Angry Birds Trilogy Review (Xbox 360/PS3/3DS)
[This review is based on the Xbox 360 version]
Angry Birds is quite possibly one of the most revolutionary games in recent years, and before you choke on your own laughter at such a profoundly large statement for such a small game, you need to think about what it did for the mobile market.
As if being one of the biggest selling mobile games of all time wasn’t enough for Rovio, they decided that they would fling the avian maniacs on to consoles with the help of Activision, and it’s quite the success.
In case you’ve been in a soap-style dreamworld or coma for the last five years or so, you’ll already know the premise of Angry Birds, if not it’s easy to get caught up. Evil green piggies have stolen all the Angry Birds eggs and are intent on eating them for breakfast. It’s more of a case of green ham and eggs than Dr Seuss’ philosophy.
The birds use themselves as high-powered ballistic weaponry, fired out of a wood and rubber catapult, to take down the pigs on their way to taking out the royal king of pigs. The pigs have hidden in structures made out of wood, stone and glass, so it’ll take every variety of bird to take them down.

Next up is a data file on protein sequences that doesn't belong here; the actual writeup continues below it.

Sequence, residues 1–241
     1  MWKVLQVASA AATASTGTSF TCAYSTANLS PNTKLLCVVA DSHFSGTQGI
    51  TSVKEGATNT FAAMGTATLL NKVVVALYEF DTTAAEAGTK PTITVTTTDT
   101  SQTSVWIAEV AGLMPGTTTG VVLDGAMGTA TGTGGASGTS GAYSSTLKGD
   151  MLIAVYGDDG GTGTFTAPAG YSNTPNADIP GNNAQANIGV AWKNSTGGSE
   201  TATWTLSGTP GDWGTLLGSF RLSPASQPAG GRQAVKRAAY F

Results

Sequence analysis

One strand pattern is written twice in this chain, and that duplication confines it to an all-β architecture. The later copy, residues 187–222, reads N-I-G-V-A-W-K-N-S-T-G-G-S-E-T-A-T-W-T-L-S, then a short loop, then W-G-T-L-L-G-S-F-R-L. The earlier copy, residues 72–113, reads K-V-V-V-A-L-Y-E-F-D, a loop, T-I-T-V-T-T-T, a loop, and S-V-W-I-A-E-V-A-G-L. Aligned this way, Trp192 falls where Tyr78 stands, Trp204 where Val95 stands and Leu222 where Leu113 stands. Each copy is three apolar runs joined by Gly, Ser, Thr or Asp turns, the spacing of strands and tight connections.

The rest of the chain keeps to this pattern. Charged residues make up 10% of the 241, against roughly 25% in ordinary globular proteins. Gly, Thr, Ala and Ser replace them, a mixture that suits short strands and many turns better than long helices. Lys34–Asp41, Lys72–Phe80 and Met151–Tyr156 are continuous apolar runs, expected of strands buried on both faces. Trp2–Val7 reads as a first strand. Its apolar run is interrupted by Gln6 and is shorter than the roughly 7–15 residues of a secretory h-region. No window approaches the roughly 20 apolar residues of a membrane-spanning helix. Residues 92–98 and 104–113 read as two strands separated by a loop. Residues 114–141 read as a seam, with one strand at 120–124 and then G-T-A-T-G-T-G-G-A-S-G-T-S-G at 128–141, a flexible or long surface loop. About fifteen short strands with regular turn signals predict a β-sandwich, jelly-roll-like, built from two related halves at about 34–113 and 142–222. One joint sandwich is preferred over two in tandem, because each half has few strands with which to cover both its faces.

The controls lend themselves well to consoles and have more in common with the classic 2D game worms, than with the original touch screen. It’s easy to play, as it has always been, and it’s still just as fun. It is slightly easier to survey the battlefield in this version of the game, and scrolling without the risk of accidentally launching your bird by accident is welcome; there’s absolutely nowhere for the pigs to hide.
If you’re a Kinect owner, you’ve got the option to use motion controls and they work really well. Simple hand movements achieve every action and they can be performed from the comfort of your armchair. Still using the pad with Kinect connected? Never fear, you can retry with a simple voice command. It’s gimmicky yes, but at the very least it’s a Kinect functionality that works without a complaint.
There are some extras in the form of re-worked cut-scenes and extra levels and this being Angry Birds Trilogy means that the first three games are on offer. Angry Birds Classic, Rio and Seasons are on offer, but the distinct lack of Angry Birds in Space is disappointing. It may be too much of a price hike for those that have all the games on their mobile device.
This release of the Angry Birds Trilogy is really aimed at those who buck the trend of mobile gaming and prefer to do it with a pad firmly lodged in their hands, or those that like getting some use out of a dusty Kinect system . It may seem costly, but with the extra work that’s gone into it, it could be a worthwhile purchase for those that are first-time players.
Angry Birds is all the classic addictive, just-one-more-go gaming that any indulgent score freak could ever need.